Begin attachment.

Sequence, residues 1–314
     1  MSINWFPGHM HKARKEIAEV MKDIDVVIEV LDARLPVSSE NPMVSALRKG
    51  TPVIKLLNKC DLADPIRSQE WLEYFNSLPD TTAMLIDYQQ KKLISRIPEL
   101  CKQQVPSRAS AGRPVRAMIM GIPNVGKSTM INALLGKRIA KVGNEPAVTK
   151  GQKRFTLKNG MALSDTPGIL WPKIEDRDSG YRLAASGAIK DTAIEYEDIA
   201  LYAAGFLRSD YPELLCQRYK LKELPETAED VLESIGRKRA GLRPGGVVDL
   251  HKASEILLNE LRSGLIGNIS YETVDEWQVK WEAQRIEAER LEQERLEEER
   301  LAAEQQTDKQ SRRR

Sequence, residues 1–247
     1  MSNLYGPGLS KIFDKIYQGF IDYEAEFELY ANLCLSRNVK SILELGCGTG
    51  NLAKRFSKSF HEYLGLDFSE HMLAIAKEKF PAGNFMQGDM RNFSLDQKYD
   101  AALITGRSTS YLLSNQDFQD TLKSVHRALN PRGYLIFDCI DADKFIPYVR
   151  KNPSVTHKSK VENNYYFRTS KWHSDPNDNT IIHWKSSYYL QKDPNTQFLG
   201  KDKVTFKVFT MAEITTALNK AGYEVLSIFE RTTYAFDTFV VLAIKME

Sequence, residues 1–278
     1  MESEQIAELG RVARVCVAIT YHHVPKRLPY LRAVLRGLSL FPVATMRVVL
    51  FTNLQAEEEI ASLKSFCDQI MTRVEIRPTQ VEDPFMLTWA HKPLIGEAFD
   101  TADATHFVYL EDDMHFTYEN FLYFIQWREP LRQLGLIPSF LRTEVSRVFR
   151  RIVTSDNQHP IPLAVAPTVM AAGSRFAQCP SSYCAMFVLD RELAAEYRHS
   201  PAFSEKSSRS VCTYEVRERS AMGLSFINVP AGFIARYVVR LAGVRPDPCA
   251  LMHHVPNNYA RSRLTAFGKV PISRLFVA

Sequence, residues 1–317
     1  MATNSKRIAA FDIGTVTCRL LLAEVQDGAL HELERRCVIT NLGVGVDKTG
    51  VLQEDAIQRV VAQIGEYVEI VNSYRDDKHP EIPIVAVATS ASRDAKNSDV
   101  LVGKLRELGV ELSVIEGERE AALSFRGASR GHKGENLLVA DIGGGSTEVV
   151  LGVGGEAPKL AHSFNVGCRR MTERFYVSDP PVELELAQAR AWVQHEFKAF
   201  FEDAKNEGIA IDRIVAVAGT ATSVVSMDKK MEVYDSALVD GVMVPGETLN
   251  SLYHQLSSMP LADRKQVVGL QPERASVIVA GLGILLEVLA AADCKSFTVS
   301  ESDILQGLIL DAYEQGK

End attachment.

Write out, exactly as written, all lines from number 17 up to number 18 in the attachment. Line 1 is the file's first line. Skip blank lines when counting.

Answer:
    51  FTNLQAEEEI ASLKSFCDQI MTRVEIRPTQ VEDPFMLTWA HKPLIGEAFD
   101  TADATHFVYL EDDMHFTYEN FLYFIQWREP LRQLGLIPSF LRTEVSRVFR